Emotion recognition problematic for BD youth
medwireNews: Children with bipolar disorder (BD) are less able to identify certain facial expressions of emotion than other children, research shows.
Stewart Shankman and colleagues from the University of Illinois in Chicago, USA, found that pediatric patients with BD misidentified sad, fearful, and neutral faces significantly more often than children without BD.
They also found that irritability was a significant mediator of the relationship between diagnosis and performance on facial emotion recognition tasks.
"One interpretation of this effect is that youths with pediatric BD may be too focused on their own feelings of irritability to correctly recognize the facial expressions of others," says the team.
"As recognition of emotional faces is closely related to the ability to empathize with others' emotional state, these results suggest that irritability may be a proximal factor in this critical interpersonal skill and potentially the overall interpersonal deficits observed in pediatric BD."
The researchers studied 98 medication-naïve children, aged 8-17 years, with BD and 104 mentally healthy children (controls). There were no significant differences between the groups regarding age or ethnicity.
Affect recognition was assessed using the Emotion Recognition Task (ER-40) and a variant of the Pediatric Emotional Acuity Task (Chicago-PEAT).
For the ER-40, participants viewed 40 adult faces and indicated whether they thought the face was happy, sad, angry, fearful, or neutral. And for the Chicago-PEAT, participants viewed 40 faces of adults, adolescents, and children and were asked to decide whether the face was very happy, moderately happy, slightly happy, neutral, slightly angry, moderately angry, or very angry.
In the ER-40, both groups performed best at correctly identifying happy faces and worst at identifying angry faces, and there were no significant differences between the groups at identifying these two facial expressions of emotion. However, pediatric BD patients correctly identified significantly fewer sad, fearful, and neutral faces than controls.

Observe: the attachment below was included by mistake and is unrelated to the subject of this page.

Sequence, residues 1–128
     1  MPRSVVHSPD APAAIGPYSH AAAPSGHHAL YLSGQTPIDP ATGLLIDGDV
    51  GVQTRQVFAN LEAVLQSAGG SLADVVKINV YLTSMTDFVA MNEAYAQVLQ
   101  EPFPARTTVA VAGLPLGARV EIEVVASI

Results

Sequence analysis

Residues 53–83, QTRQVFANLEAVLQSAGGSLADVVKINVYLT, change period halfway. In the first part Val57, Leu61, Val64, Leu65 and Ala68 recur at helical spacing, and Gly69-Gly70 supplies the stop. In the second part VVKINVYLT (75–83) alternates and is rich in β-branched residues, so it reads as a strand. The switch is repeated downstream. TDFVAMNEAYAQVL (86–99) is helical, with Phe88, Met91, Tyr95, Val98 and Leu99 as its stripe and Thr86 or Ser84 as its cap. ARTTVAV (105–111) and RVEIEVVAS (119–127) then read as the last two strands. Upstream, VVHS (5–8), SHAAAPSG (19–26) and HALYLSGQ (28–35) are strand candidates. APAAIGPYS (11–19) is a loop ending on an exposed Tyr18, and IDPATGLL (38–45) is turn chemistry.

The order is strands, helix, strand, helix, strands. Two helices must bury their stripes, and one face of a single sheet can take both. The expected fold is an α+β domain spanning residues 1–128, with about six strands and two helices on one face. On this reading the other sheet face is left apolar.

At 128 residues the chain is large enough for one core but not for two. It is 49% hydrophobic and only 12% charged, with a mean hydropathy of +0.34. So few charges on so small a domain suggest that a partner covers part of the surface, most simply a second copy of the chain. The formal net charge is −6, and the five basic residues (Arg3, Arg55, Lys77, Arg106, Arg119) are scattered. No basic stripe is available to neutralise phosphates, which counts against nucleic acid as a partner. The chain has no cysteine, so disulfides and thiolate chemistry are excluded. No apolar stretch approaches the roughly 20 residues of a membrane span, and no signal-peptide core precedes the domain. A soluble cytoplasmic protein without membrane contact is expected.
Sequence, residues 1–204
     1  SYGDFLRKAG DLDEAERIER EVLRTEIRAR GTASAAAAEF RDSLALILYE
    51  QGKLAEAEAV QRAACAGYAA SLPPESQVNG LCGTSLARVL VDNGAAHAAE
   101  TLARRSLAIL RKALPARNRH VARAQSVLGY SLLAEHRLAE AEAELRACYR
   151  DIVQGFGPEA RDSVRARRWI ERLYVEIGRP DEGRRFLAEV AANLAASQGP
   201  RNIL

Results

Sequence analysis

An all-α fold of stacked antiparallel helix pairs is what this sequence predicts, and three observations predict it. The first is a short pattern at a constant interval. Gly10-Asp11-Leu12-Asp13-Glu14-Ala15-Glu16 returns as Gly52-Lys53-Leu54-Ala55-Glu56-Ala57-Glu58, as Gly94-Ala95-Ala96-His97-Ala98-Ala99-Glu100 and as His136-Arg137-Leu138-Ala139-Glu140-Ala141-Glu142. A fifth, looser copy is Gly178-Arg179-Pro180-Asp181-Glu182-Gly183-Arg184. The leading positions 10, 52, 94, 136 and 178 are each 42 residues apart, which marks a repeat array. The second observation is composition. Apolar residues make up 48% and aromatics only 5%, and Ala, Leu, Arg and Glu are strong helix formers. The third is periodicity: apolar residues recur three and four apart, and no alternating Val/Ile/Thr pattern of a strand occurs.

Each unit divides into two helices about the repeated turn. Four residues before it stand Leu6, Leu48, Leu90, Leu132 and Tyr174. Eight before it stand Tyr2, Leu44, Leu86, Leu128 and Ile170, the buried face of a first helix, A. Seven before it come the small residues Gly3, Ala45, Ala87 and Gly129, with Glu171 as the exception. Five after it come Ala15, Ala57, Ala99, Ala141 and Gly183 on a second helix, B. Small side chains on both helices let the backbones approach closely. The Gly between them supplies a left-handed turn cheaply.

In the Chicago-PEAT, the two groups did not differ significantly at identifying the intensity of happy faces. However, pediatric BD patients were less accurate at identifying the intensity of angry faces compared with controls. This was mainly driven by girls with BD performing significantly worse than control girls at identifying very angry faces.
Irritability mediated the relationship between diagnosis and accuracy score for sad and fearful faces on the ER-40, and the relationship between diagnosis and correct valence score for very angry faces on the Chicago-PEAT.
Shankman et al conclude: "The results suggest that individuals with pediatric BD have deficits in identifying sad, fearful and very intense angry faces and that irritability may be an important mediator of these deficits."
They add: "As correctly identifying the emotions of others is a key component of adaptive interpersonal functioning, one clinical implication of these results is that psychosocial interventions should address this deficit, perhaps by targeting the irritability observed in pediatric BD."
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By Mark Cowen, Senior medwireNews Reporter